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Editorial: Unwarranted optimism hallmark of inept COVID-19 policy

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Prime Minister Yoshihide Suga, left, answers a question at a news conference in Tokyo on May 7. Shigeru Omi, chairman of a panel of experts advising the government on the COVID-19 crisis, is standing next to him. (Koichi Ueda)

 

The government decided May 7 to extend the COVID-19 state of emergency until May 31 while adding two more prefectures, Aichi and Fukuoka, to the list, bringing the total to six.

 

It also decided to apply the quasi emergency pandemic response program known as “man-en boshi” to  Hokkaido, as well as Gifu and Mie prefectures, from May 9 and extend those steps to five prefectures: Kanagawa, Saitama and Chiba surrounding Tokyo and Ehime and Okinawa until May 31.

 

The number of seriously ill COVID-19 patients across Japan hit record levels almost every day, highlighting the ferocity of the current wave of infections that struck the Kansai region of western Japan especially hard.

 

The government’s decision to extend and expand the restrictions is an inevitable response to reduce the burden borne by health care workers and save as many lives as possible.

 

Many health experts voiced skepticism about the original 17-day timeframe for the latest emergency curbs, saying it was too short and made it difficult to properly evaluate the effects of the measures.

 

But the government ignored the warning and tried to sell the public on its plan by giving it a reasonable-sounding label of a “short-term and intensive” effort to bring the virus under control.

 

The miserable failure of the government’s hope-for-the-best plan, which was grounded in an unreasonably optimistic view, has delivered an additional blow to the damaged credibility of Prime Minister Yoshihide Suga and his administration.

 

This must have been especially galling to many businesses that have been asked to suspend or shorten their operations. They gritted their teeth and responded to the government’s request, believing the painful run would not last too long, and then found that the finish line had been moved further ahead.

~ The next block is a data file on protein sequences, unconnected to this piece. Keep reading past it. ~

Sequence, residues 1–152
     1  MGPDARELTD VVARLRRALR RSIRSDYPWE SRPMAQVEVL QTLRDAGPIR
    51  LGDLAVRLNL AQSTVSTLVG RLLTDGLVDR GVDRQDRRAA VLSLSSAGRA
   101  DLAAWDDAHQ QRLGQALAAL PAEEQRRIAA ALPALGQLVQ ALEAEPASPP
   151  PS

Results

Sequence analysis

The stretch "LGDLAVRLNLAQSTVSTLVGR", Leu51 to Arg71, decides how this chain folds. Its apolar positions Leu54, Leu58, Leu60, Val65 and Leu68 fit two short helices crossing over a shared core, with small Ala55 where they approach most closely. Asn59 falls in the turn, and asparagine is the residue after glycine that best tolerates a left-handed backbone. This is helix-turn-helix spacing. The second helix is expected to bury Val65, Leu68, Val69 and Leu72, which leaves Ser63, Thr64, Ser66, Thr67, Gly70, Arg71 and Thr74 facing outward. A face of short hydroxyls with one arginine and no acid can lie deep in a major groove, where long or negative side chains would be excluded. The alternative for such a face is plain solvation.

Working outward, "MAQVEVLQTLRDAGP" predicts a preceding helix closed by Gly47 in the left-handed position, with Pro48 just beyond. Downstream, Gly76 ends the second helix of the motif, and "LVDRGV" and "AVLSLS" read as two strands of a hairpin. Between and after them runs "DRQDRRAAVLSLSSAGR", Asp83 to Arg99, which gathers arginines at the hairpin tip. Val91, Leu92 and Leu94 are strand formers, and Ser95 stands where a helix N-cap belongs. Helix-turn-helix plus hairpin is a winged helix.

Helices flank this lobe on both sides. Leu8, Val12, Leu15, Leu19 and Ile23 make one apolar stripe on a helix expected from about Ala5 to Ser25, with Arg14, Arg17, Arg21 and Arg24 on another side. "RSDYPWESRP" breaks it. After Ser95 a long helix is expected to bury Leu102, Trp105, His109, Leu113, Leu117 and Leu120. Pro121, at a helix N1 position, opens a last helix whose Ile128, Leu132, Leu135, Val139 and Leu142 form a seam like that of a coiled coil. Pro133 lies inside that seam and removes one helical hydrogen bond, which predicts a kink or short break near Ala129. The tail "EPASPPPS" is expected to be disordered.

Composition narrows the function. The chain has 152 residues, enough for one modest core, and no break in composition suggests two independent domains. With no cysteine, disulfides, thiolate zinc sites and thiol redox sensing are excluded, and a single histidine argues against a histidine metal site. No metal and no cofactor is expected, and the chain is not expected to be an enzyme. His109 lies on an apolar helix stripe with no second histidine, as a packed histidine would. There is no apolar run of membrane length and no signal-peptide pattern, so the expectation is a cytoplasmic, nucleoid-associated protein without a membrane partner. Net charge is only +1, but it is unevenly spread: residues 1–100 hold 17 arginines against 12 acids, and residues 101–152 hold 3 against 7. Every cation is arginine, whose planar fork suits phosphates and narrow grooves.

The government has a duty to offer a detailed and convincing explanation about its decision and make sure hard-hit businesses are properly compensated.

 

While extending the state of emergency, the government also decided on a partial easing of the restrictions on businesses it had asked for. It was a questionable move that may seem to be intended as pain relief.

 

Although it is up to the prefectural governors to decide whether to implement the easing in their prefectures, the government’s inconsistent decisions inevitably send out a confusingly mixed message.

 

The government should remember how its half-baked, inconsistent decisions concerning the “Go To” programs to support the battered tourism industry only made things worse.

 

New, more contagious variants of the coronavirus strain known as SARS-CoV-2 are emerging as the main sources of infections across Japan. Alarmingly, cases of infections with the India variant, which may be linked to a deadly second coronavirus wave that has swept the country in recent weeks, have also been discovered in this nation.

 

All these facts should worry policymakers, but Suga has tried to downplay the seriousness of the situation and justify his policy responses to the latest wave of infections by reiterating that flows of people are “undoubtedly diminishing.”

 

Suga appears to be more interested in dodging responsibility than in tackling the health crisis head-on. Does he fail to realize that his behavior is the main reason his words do not find resonance with the public?

 

Suga also likes to say “while listening to the opinions of experts” as he describes his plans to deal with the challenge. But he has not matched his words with actions, as indicated by the much-questioned 17-day timeframe for the latest emergency.

 

As they were asked for their opinions about the state of emergency on May 7, many members of the panel of experts advising the government on its responses to the pandemic argued that the criteria for lifting the measure should be made stricter to focus policy efforts on reining in the spread of the virus. Unless the Suga administration is willing to swallow this bitter pill prescribed by the experts, the crisis will not end.

 

The public has become jaded with COVID-19 restrictions and somewhat accustomed to a state of emergency as these measures have been taken and terminated repeatedly over the past year or so. Combined with this mental state, glacial progress in the nation’s vaccination program has caused society to be enveloped with a cooped-up feeling.

 

What the government needs to do is clear. It should first set clear and realistic goals and map out and describe convincing plans to achieve them. It also needs to be willing to engage in sincere and honest conversations over its policy responses and admit any mistake and failure it may make to improve its strategy through an analysis of the causes.

 

The mission of policymakers is to do all they can to win over the public in efforts to overcome this crisis instead of lamenting a lack of public cooperation.

 

–The Asahi Shimbun, May 8

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